Conclusion: We remain cautious on Indian equities as growth looks to slow due to a cash shortage and additional monetary policy tightening on the horizon. Further, we see inflation as a much larger headwind in India than we feel is currently priced into its equity market.

 

In 2010, we’ve seen India struggle with inflation, aggressively tighten monetary policy to the tune of six rate hikes and take measures to alleviate a shortage of cash in its financial system at the end of the year. In spite of all this, the Indian economy and Indian equities barely skipped a beat on the year as a whole: 

  • Indian GDP has averaged +8.8% YoY in the three quarters through 3Q10 vs. a +6.8% YoY quarterly average throughout 2009;
  • India’s BSE SENSEX Index finished 2010 up +17.4%; and
  • Indian banks borrowed 923 billion rupees per day from the Reserve Bank of India in 4Q10 – the most since 2000 – as they struggled to meet rising demand for loans. 

India's Two-Factor Squeeze - 1

 

Given this sequence of events, the question, “Where to now?” seems most fitting. India is struggling with inflation running ~300bps over the government’s 4-4.5% YoY target and accelerating food inflation currently at +18.32% YoY (there are 828 million Indians that live on less than $2 per day at PPP, so food inflation IS an addressable problem in India, contrary to our conflicted and compromised views of inflation domestically).

 

India's Two-Factor Squeeze - 2

 

Despite these inflationary concerns, the RBI has been keen on adding fuel to the speculative fire in an attempt to ease a cash shortage within its financial system by supplying Indian lenders with liquidity. This is likely because the RBI expects inflation to continue to soften from here on the heels of the aforementioned interest rate hikes in 2010.

 

India's Two-Factor Squeeze - 3

 

Currently Indian Finance Minister Pranab Mukherjee expects YoY WPI (India’s broadest measure of inflation) to decelerate to +6.5% YoY by March 31 – up from the government’s initial estimate of +5% YoY in early 4Q10 and +6% YoY as recently as December 14. This subtle ratcheting up of inflation expectations suggests the Indian government sees what we see: more inflation on the horizon.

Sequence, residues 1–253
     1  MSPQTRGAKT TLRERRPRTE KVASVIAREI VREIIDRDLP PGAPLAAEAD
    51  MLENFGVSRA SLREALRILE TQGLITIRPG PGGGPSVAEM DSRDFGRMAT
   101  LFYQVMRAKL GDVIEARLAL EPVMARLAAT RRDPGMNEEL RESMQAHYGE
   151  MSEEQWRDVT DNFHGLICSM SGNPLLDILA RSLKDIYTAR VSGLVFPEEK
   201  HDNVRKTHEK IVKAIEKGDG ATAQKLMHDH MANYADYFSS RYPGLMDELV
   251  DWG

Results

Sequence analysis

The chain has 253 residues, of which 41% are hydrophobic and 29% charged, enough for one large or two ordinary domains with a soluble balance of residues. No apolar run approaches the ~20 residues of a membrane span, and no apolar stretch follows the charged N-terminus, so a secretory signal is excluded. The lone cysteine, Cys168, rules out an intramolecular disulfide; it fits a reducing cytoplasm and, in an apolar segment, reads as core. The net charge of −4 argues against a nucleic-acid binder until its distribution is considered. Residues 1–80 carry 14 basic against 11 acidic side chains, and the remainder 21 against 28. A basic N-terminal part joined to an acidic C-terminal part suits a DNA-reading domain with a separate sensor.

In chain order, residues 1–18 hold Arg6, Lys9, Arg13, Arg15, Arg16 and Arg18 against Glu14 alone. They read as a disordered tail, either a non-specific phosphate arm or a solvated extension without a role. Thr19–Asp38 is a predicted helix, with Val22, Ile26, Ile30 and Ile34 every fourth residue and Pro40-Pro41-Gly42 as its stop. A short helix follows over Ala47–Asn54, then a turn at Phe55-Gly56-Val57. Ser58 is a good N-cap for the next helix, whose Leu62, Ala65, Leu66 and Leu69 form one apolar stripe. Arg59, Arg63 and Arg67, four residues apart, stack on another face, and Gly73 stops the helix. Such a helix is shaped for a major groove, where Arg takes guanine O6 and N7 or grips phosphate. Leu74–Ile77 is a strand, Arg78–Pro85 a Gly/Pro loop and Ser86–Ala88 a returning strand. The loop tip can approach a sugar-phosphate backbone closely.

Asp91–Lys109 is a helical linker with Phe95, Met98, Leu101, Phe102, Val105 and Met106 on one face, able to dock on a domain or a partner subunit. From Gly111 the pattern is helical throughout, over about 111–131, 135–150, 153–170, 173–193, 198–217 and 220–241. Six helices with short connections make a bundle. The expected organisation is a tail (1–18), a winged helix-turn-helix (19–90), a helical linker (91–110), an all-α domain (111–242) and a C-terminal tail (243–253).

India's Two-Factor Squeeze - 4

 

As it currently stands, the shortage of cash within India’s financial system has driven rates on short-term paper to two year highs: India’s one-year certificate of deposit is currently at 9.45%. The rise in rates has contributed to a doubling of AUM at Indian money-market funds in 2H10, finishing the year with 569 billion rupees ($12.6 billion). Heightening inflation expectations may also be a contributing factor to the increase, as the returns from such instruments are allowed to be adjusted for inflation before being taxed.

 

India's Two-Factor Squeeze - 5

 

Liquidity continues to remain tight within the Indian financial system, as deposit growth (+15.3% YoY) is being outpaced by credit growth (+21.1% YoY) – a recipe for accelerating, NOT decelerating, inflation in an economy with demand-side pressure as robust as India’s. To counter weak deposit growth, we’re seeing Indian lenders hike deposit rates: the State bank of India has raised one-year deposit rates +225bps since July 30 to a 22-month high of 8.25%; Housing Finance Corp., India’s largest mortgage lender, increased its deposit rates +75bps to 7.95%. India’s overnight interbank borrowing rate jumped +50bps since the end of last week to 6% - another sign of tightness within India’s cash market.

 

If this tightness persists, we could see the Indian economy run into a scenario whereby they simply can’t meet demand consumer and corporate demand for loans enough to sustain the current cycle’s robust growth trajectory. Interest rates likely have to continue to heighten across the Indian economy in order for Indian lenders to grow deposits enough to meet such demand. Sure, India could continue to pump liquidity into the system by accelerating its government bond purchases, but it does so at the risk of exacerbating inflationary concerns.

 

Adding to this confluence of stresses is the increasingly likelihood of additional tightening by the RBI to combat a potential acceleration in inflation. The RBI meets on January 25 and may resume hiking the repurchase rate, which currently stands at 6.25%.

 

All told, India’s 4Q10 GDP (which we think may surprise consensus estimates to the upside) may be wind up being a cyclical peak when look back 6-9 months from now. Given, we don’t think getting long Indian equities right here and now would be the most prudent investment to make. If anything, we prefer to be exposed to India on the short side absent a meaningful improvement in the data.

 

Darius Dale

Analyst


R3: SKS, UA, TSA, Men’s Apparel

R3: REQUIRED RETAIL READING

January 6, 2010

 

 

 

RESEARCH ANECDOTES

  • In case you missed it, Under Armour’s annual High School All-America Football Game took place last night with the most brand exposure I think I’ve ever witnessed in one event. While only in its fourth year, UA’s game is taking notable share from the traditional U.S. Army All-American Bowl with 6 of the nation’s top 10 recruits participating this year.